A couple more Poll answers:
Anne Fitten Q: "If you could have lunch with one living writer, who would it be?"
A: Ooo, that's a hard one. My first knee jerk reflex is to exclaim "Tanith Lee!" because she's had such a huge influence on my writing. But then when I think about it some more, I think I'd rather pick Joss Whedon's brain. Or perhaps just worship at his feet.
dean13 Q: "Which seminars, lectures, books or websites about writing, if any, taught you the most about writing stories?"
A: Ann Crispin's 2000 Dragon*Con writers workshop was a turning point. It's when I started getting serious about writing, instead of just wanting to be a writer and not doing anything about it. Although I think I learned more about the business and promotion side than the actual technical skills. I picked up some good tips on writing as well of course, but it gave me some really important career advice, which is what I needed. I learned some plotting and storyline basics from kijjohnson when she ran several panels on writing at . . . I think it was GenCon. It was a convention. I don't think it was Chicon, but my memory's somewhat fuzzy on that specific.
In the end, though, the thing which has taught me the most about writing, aside from simply sitting down and doing it, is getting feedback from readers, as well as giving it in the form of critiques. Analyzing what works in other people's writing, and hearing what doesn't in my own, has really helped my writing take off. I think it's given me confidence in my own writerly instincts, and it's honed my ability to pick apart the works of writers I enjoy so I can grok their technique.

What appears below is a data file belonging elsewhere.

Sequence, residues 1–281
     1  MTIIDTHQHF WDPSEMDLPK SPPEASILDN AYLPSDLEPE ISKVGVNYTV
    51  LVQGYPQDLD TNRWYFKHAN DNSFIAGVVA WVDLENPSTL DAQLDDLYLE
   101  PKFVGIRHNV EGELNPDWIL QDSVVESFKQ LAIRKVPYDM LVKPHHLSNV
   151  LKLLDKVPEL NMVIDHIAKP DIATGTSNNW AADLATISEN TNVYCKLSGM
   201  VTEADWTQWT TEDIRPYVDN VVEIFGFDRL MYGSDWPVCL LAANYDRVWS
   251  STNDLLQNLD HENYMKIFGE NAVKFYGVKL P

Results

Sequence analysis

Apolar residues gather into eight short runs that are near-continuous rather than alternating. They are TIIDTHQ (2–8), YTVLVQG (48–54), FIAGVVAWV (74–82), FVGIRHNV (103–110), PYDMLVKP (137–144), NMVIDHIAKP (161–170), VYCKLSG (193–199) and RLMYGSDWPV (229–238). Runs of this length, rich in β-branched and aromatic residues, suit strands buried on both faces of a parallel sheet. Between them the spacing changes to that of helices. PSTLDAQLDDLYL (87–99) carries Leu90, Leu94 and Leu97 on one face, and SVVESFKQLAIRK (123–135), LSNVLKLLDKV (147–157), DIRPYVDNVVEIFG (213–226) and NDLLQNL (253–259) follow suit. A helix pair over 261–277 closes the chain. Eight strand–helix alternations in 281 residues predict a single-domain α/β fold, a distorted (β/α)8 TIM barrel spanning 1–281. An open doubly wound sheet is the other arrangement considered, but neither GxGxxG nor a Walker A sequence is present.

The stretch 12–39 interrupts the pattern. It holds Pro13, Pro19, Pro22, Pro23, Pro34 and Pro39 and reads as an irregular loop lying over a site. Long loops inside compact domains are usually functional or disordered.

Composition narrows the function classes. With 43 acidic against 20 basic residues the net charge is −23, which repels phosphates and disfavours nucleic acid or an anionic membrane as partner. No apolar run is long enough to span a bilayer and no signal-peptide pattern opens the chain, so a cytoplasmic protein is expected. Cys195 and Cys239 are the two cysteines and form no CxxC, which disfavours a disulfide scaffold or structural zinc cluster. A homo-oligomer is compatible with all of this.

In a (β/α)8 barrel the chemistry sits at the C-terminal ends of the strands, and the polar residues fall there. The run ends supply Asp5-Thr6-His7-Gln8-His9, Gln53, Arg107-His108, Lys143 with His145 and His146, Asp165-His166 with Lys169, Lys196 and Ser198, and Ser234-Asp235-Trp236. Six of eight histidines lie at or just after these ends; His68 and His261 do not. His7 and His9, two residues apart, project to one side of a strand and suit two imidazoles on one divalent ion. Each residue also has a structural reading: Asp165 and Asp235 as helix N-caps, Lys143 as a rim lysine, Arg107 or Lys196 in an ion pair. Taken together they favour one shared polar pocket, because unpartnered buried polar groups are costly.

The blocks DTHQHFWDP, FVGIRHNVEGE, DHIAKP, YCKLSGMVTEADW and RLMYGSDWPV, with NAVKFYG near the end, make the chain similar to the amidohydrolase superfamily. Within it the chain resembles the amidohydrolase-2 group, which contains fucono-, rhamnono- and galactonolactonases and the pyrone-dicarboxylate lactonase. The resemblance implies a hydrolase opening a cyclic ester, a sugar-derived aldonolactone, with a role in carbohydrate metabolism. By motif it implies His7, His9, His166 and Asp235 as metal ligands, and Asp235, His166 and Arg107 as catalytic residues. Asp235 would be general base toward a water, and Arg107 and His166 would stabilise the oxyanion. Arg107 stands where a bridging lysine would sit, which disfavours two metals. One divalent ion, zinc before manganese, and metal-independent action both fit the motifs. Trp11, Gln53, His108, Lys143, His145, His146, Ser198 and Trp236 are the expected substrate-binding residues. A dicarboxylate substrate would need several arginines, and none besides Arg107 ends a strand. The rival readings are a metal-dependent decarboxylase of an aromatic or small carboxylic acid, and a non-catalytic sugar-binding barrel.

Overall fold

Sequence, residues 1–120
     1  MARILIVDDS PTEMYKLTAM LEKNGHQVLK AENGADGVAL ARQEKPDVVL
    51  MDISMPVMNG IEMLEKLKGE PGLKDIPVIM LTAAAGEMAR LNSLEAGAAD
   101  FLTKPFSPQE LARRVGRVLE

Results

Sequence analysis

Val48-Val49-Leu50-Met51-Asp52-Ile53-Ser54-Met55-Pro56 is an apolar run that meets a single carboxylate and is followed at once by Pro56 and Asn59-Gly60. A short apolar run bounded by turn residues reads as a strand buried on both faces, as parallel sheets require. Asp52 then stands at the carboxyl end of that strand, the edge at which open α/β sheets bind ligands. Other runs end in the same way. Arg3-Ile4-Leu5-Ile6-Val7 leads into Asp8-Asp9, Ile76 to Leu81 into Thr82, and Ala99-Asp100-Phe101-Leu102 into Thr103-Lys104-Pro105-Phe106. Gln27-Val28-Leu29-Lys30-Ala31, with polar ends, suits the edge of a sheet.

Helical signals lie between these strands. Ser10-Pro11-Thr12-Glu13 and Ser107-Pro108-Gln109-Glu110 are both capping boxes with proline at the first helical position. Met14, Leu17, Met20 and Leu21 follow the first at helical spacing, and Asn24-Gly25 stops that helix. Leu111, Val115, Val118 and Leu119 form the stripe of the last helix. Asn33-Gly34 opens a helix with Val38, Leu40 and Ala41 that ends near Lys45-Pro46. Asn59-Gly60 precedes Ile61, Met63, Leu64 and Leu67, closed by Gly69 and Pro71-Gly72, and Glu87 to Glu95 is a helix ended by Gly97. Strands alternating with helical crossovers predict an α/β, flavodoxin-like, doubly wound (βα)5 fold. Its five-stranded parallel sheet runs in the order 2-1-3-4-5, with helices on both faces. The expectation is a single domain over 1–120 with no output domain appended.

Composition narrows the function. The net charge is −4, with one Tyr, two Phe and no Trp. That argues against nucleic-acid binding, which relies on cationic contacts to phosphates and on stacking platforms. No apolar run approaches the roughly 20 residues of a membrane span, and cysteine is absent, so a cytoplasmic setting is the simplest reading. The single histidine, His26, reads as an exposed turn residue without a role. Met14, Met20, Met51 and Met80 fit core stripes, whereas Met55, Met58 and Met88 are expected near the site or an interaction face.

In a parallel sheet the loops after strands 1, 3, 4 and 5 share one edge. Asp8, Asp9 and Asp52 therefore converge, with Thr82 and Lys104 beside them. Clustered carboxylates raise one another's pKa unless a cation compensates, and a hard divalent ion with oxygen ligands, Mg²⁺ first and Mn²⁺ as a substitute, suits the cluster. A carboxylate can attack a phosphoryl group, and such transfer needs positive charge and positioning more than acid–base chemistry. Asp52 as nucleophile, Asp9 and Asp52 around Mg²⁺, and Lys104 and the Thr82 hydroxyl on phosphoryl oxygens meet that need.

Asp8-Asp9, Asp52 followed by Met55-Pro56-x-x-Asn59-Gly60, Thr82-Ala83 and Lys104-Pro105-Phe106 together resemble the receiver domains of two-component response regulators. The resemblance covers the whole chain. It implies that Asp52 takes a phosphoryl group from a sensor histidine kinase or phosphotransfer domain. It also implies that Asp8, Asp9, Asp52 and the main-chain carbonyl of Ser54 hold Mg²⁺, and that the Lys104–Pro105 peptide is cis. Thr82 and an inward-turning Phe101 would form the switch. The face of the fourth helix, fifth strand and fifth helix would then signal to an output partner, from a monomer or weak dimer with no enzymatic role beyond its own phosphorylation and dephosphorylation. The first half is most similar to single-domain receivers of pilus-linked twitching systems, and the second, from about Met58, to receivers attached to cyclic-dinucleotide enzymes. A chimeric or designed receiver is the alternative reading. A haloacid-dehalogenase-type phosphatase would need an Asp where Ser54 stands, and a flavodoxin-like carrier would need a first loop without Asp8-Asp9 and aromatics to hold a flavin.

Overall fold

More questions? Get 'em while they're hot!
New Words: 500
Working on the WIP and I realized that I had been overrun by plot bunnies.
They bred and bred, and I ended up with too many ideas for a story of this size. So I gathered up the stray bunnies, sorted the boy bunnies from the girl bunnies, and corralled them off into a comfy MS Word file, because they were running roughshod over my story.
Then I weeded out a few more plot bunnies that had snuck back in when I wasn't looking, cleaned up the mess they'd made.
Lo and behold, when the last tuft of plot bunny fur had been swept up, and the final bunny pellet dispensed with, I was done! Zero draft, baby! Woohoo! The story ended up being a little longer than I expected, but it's still within "not a novelette" range. Did a couple more passes and then handed it over to fosteronfilm to first reader. He gave me his comments before going comatose last night. Going to incorporate them, do a couple more passes to bring it to first draft status, them load it up to Critters.org.
Club 100 For Writers